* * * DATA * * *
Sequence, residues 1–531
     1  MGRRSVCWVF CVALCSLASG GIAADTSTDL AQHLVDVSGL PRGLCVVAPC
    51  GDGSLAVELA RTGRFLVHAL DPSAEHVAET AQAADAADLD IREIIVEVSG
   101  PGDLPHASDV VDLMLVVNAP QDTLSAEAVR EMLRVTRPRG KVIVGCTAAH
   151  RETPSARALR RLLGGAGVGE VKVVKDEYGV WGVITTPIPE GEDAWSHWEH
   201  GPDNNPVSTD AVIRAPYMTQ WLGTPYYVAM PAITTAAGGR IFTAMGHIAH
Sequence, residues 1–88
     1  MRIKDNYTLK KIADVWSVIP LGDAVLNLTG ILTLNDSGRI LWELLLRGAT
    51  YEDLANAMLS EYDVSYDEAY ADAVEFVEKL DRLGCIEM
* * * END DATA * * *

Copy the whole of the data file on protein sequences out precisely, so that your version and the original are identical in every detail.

Sequence, residues 1–531
     1  MGRRSVCWVF CVALCSLASG GIAADTSTDL AQHLVDVSGL PRGLCVVAPC
    51  GDGSLAVELA RTGRFLVHAL DPSAEHVAET AQAADAADLD IREIIVEVSG
   101  PGDLPHASDV VDLMLVVNAP QDTLSAEAVR EMLRVTRPRG KVIVGCTAAH
   151  RETPSARALR RLLGGAGVGE VKVVKDEYGV WGVITTPIPE GEDAWSHWEH
   201  GPDNNPVSTD AVIRAPYMTQ WLGTPYYVAM PAITTAAGGR IFTAMGHIAH
Sequence, residues 1–88
     1  MRIKDNYTLK KIADVWSVIP LGDAVLNLTG ILTLNDSGRI LWELLLRGAT
    51  YEDLANAMLS EYDVSYDEAY ADAVEFVEKL DRLGCIEM